By Bob McMahon
By Allison Babka
By Kelsey McClure
By Carolina de Busto
By Ben Westhoff and Sarah Purkrabek
By Steve Brennan
By Joseph Hess
By Allsion Babka
Esteemed record producer Joel Dorn once said of Jane Monheit, "Jane loves jazz and loves singing with jazz musicians, but there are other chapters in her book." This versatility may be the reason jazz purists remain skeptical of the 25-year-old phenom. It's their loss.
Whether her music is jazz, pop, cabaret or something in between is subject to debate. What's indisputable is her voice, an exquisite instrument that gets better with each new album. Her latest effort, In the Sun, finds Monheit singing classics such as Ellington's "Just Squeeze Me" and Rodgers and Hart's "It Never Entered My Mind." She also offers a sprightly version of the well-worn "Cheek to Cheek" and a surprisingly languorous take on "Tea for Two." But beyond those standards, Monheit pursues an interest in Brazilian music with Ivan Lins' gorgeous "Começar de Novo" and in contemporary pop with the Libby Titus/Eric Kaz torch song "Love Has No Pride" (made popular by Linda Ronstadt).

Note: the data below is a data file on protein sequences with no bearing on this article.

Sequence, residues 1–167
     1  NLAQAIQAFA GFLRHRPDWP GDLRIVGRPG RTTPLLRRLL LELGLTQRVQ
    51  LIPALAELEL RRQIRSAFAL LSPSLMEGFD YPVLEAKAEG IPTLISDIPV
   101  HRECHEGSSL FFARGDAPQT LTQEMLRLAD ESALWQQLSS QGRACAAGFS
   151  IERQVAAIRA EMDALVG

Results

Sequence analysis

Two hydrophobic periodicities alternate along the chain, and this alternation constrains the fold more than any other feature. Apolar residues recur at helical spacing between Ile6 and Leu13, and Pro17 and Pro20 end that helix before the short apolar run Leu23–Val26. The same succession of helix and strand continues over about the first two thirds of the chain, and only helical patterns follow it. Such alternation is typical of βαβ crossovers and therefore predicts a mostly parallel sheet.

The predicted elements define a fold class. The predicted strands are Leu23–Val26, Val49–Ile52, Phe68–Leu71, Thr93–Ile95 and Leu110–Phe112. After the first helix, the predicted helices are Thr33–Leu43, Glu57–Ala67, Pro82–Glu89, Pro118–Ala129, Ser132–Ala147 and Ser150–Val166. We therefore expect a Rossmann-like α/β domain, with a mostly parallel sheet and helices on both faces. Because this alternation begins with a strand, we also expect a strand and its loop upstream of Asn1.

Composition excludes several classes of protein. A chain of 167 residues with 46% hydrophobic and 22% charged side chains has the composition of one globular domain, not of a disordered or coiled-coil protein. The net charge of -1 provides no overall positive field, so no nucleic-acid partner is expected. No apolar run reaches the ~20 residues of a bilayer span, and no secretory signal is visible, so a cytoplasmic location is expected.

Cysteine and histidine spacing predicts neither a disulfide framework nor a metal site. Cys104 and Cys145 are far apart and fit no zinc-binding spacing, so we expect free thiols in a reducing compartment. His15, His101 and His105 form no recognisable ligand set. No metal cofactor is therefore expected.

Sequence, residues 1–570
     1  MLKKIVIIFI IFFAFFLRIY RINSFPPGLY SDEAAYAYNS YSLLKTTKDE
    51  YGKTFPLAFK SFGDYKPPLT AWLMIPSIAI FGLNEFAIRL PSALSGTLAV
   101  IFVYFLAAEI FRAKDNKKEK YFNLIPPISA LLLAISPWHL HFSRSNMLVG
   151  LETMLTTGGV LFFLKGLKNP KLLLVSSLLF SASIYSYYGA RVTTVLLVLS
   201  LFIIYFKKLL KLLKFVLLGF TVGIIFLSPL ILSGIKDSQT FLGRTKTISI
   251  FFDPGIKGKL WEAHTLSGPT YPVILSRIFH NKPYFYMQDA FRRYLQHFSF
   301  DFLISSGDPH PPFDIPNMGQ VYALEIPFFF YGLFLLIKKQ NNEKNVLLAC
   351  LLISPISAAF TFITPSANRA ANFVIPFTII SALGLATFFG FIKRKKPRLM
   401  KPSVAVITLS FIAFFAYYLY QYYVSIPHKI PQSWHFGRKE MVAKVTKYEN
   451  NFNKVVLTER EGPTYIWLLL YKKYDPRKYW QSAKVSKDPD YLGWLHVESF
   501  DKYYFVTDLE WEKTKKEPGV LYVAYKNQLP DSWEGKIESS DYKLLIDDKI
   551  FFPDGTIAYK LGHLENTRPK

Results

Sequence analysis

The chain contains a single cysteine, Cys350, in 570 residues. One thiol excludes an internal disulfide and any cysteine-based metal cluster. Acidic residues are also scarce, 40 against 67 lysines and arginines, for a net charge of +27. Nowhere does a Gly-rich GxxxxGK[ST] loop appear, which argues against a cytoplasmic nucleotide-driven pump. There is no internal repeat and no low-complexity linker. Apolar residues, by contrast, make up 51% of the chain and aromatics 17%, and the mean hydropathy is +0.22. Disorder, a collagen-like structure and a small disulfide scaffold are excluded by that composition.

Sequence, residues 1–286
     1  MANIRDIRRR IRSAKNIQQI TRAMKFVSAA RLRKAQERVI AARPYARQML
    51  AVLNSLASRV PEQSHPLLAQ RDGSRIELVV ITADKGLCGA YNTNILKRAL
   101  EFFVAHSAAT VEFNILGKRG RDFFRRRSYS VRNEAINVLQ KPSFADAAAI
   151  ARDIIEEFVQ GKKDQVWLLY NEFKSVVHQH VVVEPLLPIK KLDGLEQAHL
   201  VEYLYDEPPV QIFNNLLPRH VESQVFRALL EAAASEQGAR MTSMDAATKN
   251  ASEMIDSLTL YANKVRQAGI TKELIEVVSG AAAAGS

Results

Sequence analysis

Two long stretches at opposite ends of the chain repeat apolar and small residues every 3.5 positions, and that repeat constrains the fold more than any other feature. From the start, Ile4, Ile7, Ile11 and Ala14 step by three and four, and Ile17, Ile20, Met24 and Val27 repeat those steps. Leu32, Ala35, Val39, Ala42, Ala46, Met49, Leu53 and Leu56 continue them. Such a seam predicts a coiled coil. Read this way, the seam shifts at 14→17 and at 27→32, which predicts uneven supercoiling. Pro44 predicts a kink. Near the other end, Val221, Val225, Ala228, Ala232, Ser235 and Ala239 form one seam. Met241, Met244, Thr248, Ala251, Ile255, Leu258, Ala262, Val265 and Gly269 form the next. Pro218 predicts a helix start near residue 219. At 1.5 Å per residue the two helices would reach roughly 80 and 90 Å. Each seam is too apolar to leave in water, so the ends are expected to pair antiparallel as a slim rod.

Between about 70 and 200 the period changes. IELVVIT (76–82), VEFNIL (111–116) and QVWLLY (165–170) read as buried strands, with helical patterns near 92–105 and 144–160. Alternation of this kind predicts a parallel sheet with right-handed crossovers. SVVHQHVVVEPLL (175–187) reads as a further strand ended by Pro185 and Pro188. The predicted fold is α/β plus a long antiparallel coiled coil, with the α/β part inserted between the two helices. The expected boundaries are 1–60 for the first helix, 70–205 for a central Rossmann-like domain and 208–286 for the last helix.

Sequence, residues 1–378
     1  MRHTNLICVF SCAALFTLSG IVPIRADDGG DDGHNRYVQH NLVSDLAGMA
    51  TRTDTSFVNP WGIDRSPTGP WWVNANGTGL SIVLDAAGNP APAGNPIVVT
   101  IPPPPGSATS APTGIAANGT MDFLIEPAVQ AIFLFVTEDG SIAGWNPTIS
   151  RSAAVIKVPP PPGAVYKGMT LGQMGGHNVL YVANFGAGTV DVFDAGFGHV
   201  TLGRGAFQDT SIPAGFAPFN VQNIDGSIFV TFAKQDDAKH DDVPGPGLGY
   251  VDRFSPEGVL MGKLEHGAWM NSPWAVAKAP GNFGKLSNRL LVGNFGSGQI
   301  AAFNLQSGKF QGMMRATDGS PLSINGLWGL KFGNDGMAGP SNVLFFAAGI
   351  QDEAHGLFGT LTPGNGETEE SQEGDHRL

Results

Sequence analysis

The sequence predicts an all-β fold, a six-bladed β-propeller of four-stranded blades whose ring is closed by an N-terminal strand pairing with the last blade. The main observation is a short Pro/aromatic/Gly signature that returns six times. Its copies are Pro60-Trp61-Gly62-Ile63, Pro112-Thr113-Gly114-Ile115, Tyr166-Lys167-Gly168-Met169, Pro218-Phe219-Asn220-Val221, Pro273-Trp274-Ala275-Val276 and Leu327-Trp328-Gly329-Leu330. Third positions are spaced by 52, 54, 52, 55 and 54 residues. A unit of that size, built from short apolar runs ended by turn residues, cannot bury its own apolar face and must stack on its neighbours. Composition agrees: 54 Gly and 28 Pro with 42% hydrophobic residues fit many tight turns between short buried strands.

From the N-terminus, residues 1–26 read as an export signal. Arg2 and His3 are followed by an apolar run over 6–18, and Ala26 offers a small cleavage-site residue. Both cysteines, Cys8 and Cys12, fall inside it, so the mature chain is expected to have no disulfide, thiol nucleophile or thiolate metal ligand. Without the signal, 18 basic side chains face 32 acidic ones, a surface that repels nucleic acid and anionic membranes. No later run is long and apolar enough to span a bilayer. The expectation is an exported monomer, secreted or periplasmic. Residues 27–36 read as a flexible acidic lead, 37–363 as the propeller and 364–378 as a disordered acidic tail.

Some of the skepticism regarding Monheit may stem from her marketing team's emphasis on her looks over her voice. That's a fair criticism, but when it comes time to simply stand up and sing, Monheit doesn't disappoint. Although she hasn't stretched her repertoire into many bold new areas, she's still quite young and clearly has the talent to do just about anything she wants. Her career will definitely bear watching.